Centerfield City considering relaxing restrictions on duplex development

Centerfield City considering

relaxing restrictions

on duplex development


Ordinance puts focus on
growth vs. status quo


By Ryan Roos

Staff writer

Apr. 12, 2018


CENTERFIELD—The Centerfield City Council is looking to relax restrictions on duplex development, thus paving the way for  the community’s future growth. 

The city council will vote April 18 on whether to amend an ordinance adjusting  the number of duplex or twin homes that may be built per city block. Renewed interest in the issue was sparked by a local investor who wants to bring duplex housing to the community. 

 With a serious proposal to develop duplex housing on the table for the first time, the city council has opted to review and update the existing law.

A major point of debate is how much street frontage each new duplex will be required to occupy. While single family homes built in Centerfield are required to have no less than 100 feet of street frontage, the proposed amendment would allow for duplexes to have only 150 feet of frontage. With standard city blocks running 660 feet in length, this reduced space requirement will allow for an increase in family units per block.

Among those enthusiastic about the proposed amendment is Centerfield Mayor Tom Sorensen, who sees opportunity on the horizon. “This expansion will allow for more families to find housing in our community,” Sorensen said. “With industry in Gunnison growing, both with the prison and at ACT Aerospace, a real need is developing in terms of housing in the valley.”

Centerfield’s location between Gunnison and Salina make it the natural choice for residential growth on the south end of Sanpete County, Sorensen said.  The city has an abundance of unoccupied land that the neighboring community of Gunnison lacks and therefore can accommodate what many view as inevitable growth coming to the area.

Yet some longtime residents feel Centerfield’s small-town charm is in jeopardy.

 Centerfield Councilman David Beck is among residents who feel the revised parameters will likely bring unwelcome changes to the city’s relaxed atmosphere. “People come to Centerfield to get away from the congestion of larger cities, not to move into more of the same” he said. “The people of Centerfield value their open space and quiet living. There is plenty of room for single family houses here. We don’t need eight households on a street. This congestion is completely unnecessary.”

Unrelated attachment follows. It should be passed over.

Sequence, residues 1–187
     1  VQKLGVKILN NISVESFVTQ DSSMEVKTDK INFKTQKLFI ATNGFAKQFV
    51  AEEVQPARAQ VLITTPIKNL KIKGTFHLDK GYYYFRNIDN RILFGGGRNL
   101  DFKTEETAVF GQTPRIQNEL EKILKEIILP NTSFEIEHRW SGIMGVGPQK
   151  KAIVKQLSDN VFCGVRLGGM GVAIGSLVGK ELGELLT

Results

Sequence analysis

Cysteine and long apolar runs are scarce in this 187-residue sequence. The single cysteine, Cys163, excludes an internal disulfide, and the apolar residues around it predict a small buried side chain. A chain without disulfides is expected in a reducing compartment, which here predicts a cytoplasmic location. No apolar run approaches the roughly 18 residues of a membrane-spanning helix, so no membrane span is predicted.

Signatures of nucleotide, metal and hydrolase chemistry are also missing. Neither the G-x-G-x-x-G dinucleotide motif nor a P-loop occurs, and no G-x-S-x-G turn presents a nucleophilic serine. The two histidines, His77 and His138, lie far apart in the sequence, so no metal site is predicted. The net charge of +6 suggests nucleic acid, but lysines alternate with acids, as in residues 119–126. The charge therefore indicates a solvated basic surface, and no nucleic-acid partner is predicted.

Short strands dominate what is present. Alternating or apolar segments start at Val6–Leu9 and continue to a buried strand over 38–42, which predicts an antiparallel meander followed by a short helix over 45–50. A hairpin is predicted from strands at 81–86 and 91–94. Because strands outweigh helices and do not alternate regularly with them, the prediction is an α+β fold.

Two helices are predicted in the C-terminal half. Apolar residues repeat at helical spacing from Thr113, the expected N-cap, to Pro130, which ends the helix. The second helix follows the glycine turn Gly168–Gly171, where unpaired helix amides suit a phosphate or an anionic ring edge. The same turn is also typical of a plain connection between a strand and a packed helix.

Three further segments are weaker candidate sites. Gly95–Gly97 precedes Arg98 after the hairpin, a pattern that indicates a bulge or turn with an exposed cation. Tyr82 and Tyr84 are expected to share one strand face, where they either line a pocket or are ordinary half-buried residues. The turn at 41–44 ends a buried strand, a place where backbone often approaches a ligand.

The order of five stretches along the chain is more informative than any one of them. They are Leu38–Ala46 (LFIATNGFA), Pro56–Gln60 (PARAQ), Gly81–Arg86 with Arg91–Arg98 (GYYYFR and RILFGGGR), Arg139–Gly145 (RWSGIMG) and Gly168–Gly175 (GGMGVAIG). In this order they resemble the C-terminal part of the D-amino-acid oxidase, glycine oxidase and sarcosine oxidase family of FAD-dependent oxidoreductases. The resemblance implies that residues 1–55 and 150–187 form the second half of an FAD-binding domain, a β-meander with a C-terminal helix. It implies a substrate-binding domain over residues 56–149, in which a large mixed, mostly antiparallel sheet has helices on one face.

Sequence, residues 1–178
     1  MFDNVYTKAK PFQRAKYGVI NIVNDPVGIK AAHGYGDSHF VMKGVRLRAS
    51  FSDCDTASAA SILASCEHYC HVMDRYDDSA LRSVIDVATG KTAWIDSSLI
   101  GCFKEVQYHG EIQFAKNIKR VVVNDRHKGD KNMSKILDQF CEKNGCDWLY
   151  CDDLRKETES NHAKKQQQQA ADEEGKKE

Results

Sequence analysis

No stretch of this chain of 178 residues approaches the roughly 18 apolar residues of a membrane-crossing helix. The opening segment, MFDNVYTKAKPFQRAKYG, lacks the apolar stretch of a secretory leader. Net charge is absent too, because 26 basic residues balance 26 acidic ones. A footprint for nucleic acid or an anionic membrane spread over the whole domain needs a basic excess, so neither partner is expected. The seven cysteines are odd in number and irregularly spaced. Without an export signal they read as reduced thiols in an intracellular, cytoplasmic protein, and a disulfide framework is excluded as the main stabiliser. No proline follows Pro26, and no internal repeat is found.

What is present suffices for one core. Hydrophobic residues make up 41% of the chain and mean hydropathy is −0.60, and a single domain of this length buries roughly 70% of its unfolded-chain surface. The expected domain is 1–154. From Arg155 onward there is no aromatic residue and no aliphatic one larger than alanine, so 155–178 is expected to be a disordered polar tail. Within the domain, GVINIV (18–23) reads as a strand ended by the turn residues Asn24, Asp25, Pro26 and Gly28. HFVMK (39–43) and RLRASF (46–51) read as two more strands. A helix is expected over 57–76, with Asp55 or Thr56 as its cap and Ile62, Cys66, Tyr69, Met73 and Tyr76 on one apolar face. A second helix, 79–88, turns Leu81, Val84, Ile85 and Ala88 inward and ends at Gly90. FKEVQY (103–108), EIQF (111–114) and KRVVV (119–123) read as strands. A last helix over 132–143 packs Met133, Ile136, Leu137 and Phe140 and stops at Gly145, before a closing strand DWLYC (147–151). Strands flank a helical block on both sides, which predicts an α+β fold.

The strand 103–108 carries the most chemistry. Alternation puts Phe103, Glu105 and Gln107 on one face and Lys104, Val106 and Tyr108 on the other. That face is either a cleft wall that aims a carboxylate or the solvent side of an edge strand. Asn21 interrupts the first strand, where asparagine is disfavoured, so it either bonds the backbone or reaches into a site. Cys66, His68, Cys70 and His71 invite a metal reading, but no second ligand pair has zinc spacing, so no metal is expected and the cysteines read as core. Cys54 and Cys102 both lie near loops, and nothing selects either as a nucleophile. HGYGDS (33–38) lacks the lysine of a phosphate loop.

Beck said he would like to see a more aggressive approach to preserving Centerfield’s space by raising the minimum frontage to 200 feet, which would drastically reduce the number of duplexes possible per city block. “People I’ve talked to say five households per block should be about the limit, and I agree, Beck said.

While Mayor Sorensen acknowledged that population growth will be a likely bi-product of bringing duplex housing to the community, he insisted such advances can occur comfortably. Centerfield is prepared, he said.

A 2016 merger between Gunnison and Centerfield law enforcement led to the formation of the Gunnison Valley Police Department. This increased Centerfield’s law enforcement presence to five officers.

As Utah’s population continues to boom, Central Utah isn’t immune to the trend. As Utah County to the north struggles to provide affordable housing, Sanpete County has begun to experience its own housing challenges. Councilman Beck foresees the possibility of Sanpete County residents as far north as Manti and Ephraim moving should large amounts of inexpensive housing become available in Centerfield.

On April 4, the city council failed to pass the proposed amendment when the vote resulted in a 2-2 tie. City recorder Lacey Belnap explained the tie vote was more a reflection of the council’s desire to proceed cautiously. “We wanted to ensure this was done with complete transparency,” Belnap said

The mayor echoed Belnap’s caution. “Making sure everything is done ethically and correctly is always our primary concern,” the mayor explained. “With that being said, I fully expect this proposal to pass on April 18th.”